I’m continuing with my workbench build. You can read my previous post here, Gluing-up the Workbench Top.
I decided to add “breadboard” ends to the bench. I’m using the term loosely, since they are not intended to function as typical breadboard ends. They’re not going to hold the benchtop flat, as it’s 4 ½” thick. I wanted to wrap my benchtop in a harder wood than the Douglas Fir that I am using as my primary wood. I figure that the edge of the bench is going to take the most knocks, and will also serve as the inner jaw on the vises. Using a hard wood here, just seems to make sense to me. It will also add some contrast to the bench and hopefully look nice. I got a good deal on a big 6/4 Sapele board so that’s what I went with.
I have read several books on workbench building (some more than once) and I spent some time doing image searches online to get some inspiration. On most of the benches that have an end board, the end piece is attached with lag bolts. I didn’t want to do this for aesthetic reasons. The ends also couldn’t be glued on, as I would be gluing end grain to long grain. My idea is to cut tongues on the ends of the bench and fit rather chunky bread-board ends over them. I can then dovetail the sides of the bench into the breadboard end to hold everything in place. I know… it sounds complicated, and it really isn’t needed, but its what I want to do, so I’m going for it.
My one concern was seasonal wood movement, and I’ve thought about this a lot. If the benchtop expands or contracts significantly, the dovetails/pins on the breadboard ends will either be recessed or proud. However, I live in the coastal Pacific Northwest and the humidity is fairly high here year round. This workbench is going to remain in my garage and my supposition is that I wont see a lot of wood movement. We’ll see… perhaps in January I’ll be eating those words.
I had a 6/4 board of Sapele that I wanted to use for the breadboard ends. I really wanted 12/4, but it was not what I had. So initially, I planned to laminate two pieces together and then route out the slot for the tongue. I got to thinking about it, and it seemed like a huge waste of wood to route out the middle. Why not cut smaller pieces and create the groove as part of the glue-up? The end grain on the breadboard ends won’t look as good, but I can live with that, as it saves enough Sapele for another use I have in mind.
Enough about the plans. Here’s how I made the ends:
I made the long rip cut on my bandsaw and cross-cut with a Copley backsaw that I restored last year.
The backsaw is nice and sharp and it cut beautifully. Of course, the saw bottomed out in the cut and I had to switch to a regular handsaw to finish it. I used a Disston that I have cleaned up and refinished the tote, but I have not sharpened it yet. It got the job done though!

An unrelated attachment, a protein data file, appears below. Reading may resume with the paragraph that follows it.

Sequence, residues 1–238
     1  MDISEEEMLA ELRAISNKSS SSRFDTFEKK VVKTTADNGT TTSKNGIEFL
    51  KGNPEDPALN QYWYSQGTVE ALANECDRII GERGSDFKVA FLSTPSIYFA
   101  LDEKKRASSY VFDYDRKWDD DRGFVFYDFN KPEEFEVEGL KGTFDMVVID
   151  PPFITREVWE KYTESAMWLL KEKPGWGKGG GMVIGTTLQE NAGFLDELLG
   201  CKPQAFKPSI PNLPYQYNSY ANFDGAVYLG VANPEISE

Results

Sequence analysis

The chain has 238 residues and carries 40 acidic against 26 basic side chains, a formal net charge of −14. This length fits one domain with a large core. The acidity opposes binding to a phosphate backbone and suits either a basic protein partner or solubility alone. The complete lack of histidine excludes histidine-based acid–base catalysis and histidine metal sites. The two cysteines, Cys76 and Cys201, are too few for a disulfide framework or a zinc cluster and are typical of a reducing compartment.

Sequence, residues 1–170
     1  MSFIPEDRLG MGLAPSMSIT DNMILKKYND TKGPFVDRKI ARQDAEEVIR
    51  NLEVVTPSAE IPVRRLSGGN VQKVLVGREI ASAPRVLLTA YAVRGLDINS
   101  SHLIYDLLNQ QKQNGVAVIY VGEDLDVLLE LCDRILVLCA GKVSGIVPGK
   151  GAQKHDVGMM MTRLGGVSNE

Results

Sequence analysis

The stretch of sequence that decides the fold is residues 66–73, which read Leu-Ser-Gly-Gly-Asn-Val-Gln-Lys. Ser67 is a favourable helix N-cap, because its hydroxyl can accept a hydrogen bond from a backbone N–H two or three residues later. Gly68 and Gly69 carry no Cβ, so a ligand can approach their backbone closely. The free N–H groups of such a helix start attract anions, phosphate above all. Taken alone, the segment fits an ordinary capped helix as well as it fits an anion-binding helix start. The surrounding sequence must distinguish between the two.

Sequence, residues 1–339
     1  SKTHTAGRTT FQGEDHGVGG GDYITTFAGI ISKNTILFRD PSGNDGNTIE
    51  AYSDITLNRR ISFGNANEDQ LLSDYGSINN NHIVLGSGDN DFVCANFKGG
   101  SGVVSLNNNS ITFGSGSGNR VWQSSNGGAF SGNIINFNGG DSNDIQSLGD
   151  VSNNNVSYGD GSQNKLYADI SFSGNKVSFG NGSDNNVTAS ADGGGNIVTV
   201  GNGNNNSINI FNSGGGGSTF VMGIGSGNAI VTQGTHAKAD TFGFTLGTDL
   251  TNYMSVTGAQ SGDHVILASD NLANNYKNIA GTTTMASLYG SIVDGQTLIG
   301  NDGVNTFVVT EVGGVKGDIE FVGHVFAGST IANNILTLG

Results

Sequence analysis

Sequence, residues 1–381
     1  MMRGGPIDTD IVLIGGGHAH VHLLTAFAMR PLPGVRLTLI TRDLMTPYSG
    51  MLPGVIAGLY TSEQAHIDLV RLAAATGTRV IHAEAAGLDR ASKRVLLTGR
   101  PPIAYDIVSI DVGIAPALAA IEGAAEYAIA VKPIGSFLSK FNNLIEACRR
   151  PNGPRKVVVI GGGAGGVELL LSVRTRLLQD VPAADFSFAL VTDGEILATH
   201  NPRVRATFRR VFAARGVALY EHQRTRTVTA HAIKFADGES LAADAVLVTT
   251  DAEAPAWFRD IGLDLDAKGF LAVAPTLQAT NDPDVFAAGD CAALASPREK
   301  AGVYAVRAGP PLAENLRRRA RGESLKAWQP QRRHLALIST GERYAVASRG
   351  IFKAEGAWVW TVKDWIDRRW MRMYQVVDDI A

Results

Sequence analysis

I milled all the rough cut pieces using my jointer and planer, and then ripped them to final width on the table saw. Here’s what I was left with:
I spent some time trying out all of the pieces to get the best grain match and then got ready to glue-up the first end.
I applied the glue and started to clamp it up. The problem that I was running into was that when I tightened the clamps, the pieces would move.
I found that the best way was to apply very little clamping pressure to each clamp, while making sure that the parts were perfectly aligned. Then I slowly added pressure to each clamp a little at a time. Done this way, I got good clamping pressure but was still left with a surface that did not need leveling later. Also, having a consistent gap to fit the tongue was critical.
I used a small putty knife and a wet cloth to remove all the squeeze out and left it over night to dry.
I repeated the process the next day for the other end.
The next step was to fill the gap in between the smaller pieces on each end. I will be cutting the pins into these ends and they need to appear solid. I cut the pieces slightly over-sized and fine tuned them with a hand plane to fit the gap.
Once they were sized, I tried to match the end-grain as best I could. It’s not bad, but there’s no hiding the fact that the ends aren’t one solid piece.
I glued and clamped the pieces in place and left them overnight.
With the clamps removed, I trimmed the ends flush using a mitre gauge and my table saw. I checked them with my machinist’s square and they were perfect all around.
So now I am left with two breadboard ends that are the same thickness as my benchtop.
I wish they had both come out like the one on the right, but I think that they will work. Next, I have to route the tongues onto the ends of the benchtop and size them to fit the dados in the Sapele ends. I also need to cut the dovetails on the Sapele boards that make up the long edges of the bench. I’ll need these to transfer the shoulder lines to the benchtop and determine my final length.
More to come.